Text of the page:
Nina Allan's The Dollmaker was published by Quercus Books/Riverrun in April 2019.

Information about Nina Allan:

Nina Allan is a novelist and short story writer. Her previous fiction has won several prizes, including the British Science Fiction Award for Best Novel, the Novella Award and the Grand Prix de L’Imaginaire for Best Translated Work. She lives and works in Rothesay, on the Isle of Bute. The Dollmaker is her third novel.

Click here to visit her official website.

Information about The Dollmaker:



'A fantastic book' Andrew O'Hagan
'Wholly original - worthy of a modern Grimm' Andrew Caldecott, author of Rotherweird
'A masterful and multi-layered haunted toyshop of a novel' Tony White, author of The Fountain in the Forest

Stitch by perfect stitch, Andrew Garvie makes exquisite dolls in the finest antique style. Like him, they are diminutive, but graceful, unique and with surprising depths. Perhaps that's why he answers the enigmatic personal ad in his collector's magazine.

Letter by letter, Bramber Winters reveals more of her strange, sheltered life in an institution on Bodmin Moor, and the terrible events that put her there as a child. Andrew knows what it is to be trapped; and as they knit closer together, he weaves a curious plan to rescue her.

On his journey through the old towns of England he reads the fairytales of Ewa Chaplin - potent, eldritch stories which, like her lifelike dolls, pluck at the edges of reality and thread their way into his mind. When Andrew and Bramber meet at last, they will have a choice - to remain alone with their painful pasts or break free and, unlike their dolls, come to life.

A love story of two very real, unusual people, The Dollmaker is also a novel rich with wonders: Andrew's quest and Bramber's letters unspool around the dark fables that give our familiar world an uncanny edge. It is this touch of magic that, like the blink of a doll's eyes, tricks our own...


Of all the novels that I've read during the recent months, Nina Allan's The Dollmaker is definitely the most haunting and most rewarding. I consider this novel to be literary speculative fiction at its very best and most captivating, because it's a richly told and charmingly strange love story with dark and twisted undertones. It's a remarkable and powerful novel that deserves to be read and savoured as one would a beautiful scenery or a gorgeous painting.

This novel appealed to me in many ways, because it has everything I could ever hope to find in literary speculative fiction: good prose, beautiful storytelling, intriguing characters and a sprinkle of chilling and unsettling atmosphere. Because I love beautifully written strange stories, I found this novel and its atmosphere compelling. What makes The Dollmaker especially mesmerising for me is the author's way of combining realism and weirdness in a subtly unnerving way. The story invites readers to take a glimpse at a world that is speckled with beauty, harsh realism and hard truths.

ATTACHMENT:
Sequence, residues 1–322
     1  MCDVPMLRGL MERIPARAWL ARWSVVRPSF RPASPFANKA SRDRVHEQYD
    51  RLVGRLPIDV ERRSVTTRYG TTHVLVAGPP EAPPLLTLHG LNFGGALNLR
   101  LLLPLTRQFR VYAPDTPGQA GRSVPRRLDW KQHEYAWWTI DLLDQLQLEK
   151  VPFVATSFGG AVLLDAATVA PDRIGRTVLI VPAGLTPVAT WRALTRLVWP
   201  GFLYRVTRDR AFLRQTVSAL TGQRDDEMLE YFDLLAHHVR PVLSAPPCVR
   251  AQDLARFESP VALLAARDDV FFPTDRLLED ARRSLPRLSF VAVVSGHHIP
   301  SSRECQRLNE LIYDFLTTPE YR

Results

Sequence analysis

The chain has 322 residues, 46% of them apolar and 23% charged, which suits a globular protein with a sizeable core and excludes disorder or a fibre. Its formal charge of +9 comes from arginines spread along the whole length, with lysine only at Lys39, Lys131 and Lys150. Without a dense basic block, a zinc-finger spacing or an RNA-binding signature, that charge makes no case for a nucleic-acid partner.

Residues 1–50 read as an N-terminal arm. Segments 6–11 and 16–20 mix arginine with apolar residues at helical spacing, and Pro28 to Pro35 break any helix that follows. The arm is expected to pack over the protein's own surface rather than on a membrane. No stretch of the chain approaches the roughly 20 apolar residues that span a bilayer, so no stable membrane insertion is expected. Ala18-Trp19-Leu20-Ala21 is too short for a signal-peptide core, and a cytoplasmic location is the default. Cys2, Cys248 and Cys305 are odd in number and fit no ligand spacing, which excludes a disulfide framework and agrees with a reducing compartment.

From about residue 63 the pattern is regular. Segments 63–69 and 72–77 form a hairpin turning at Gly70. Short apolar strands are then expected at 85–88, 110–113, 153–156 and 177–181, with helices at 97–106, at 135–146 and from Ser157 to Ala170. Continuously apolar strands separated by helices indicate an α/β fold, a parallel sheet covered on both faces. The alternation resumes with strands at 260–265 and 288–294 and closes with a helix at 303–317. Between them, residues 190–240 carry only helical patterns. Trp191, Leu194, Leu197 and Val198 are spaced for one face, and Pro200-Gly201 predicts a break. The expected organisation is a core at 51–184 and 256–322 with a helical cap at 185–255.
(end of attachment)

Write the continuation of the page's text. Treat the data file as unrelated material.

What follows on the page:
The Dollmaker is a dark fairy tale kind of a love story that is something different and defies easy categorisation. It's a unique and successful fusion of literary fiction, literary fantasy, magical realism and gothic elements. It is not a light read due to its subtly complex and gradually unfolding story, but it is deeply rewarding and its events will linger on your mind. This is one of those novels that stay with you for a long time, because the story is filled with many details and has plenty of subtext.

The Dollmaker tells of Andrew Garvie who is deeply interested in dolls. His interest in dolls has led him to become a dollmaker who makes exquisite dolls. When he answers a personal ad in the collector's magazine, he begins a correspondence with Bramber Winters. Bramber is interested in Ewa Chaplin's dolls, which are strangely lifelike. Gradually, she reveals things about her sheltered life in an institution on Bodmin Moor. Because Andrew understands what it means to be trapped, he decides to rescue her. As he travels through the old towns of England and makes his way towards Bramber, he reads Ewa Chaplin's collection "Nine Modern Fairy Tales", which contains eldritch and strange fairy tales.

As you can see by this short description about the story, this novel is something different. It's a wholly original novel that is different in the best possible way, because it depicts a weird love story between two unusual people who have found each other by means of correspondence.

This novel has an unusual structure, because it consists of Andrew's journey towards Bramber, Bramber's letters to Andrew and Ewa Chaplin's fairy tales, five of which are featured in the story. This kind of fractured storytelling results in an intricately woven story filled with meaning and wonder.

The characterisation is rich and satisfying, because the characters are beautifully drawn and feel achingly realistic. As the story unfolds, the author reveals things about Andrew Garvie and Bramber Winters and invites the reader to explore their strange lives. What is revealed about both of them deepens the reading experience and lends the story intimacy and psychological depth.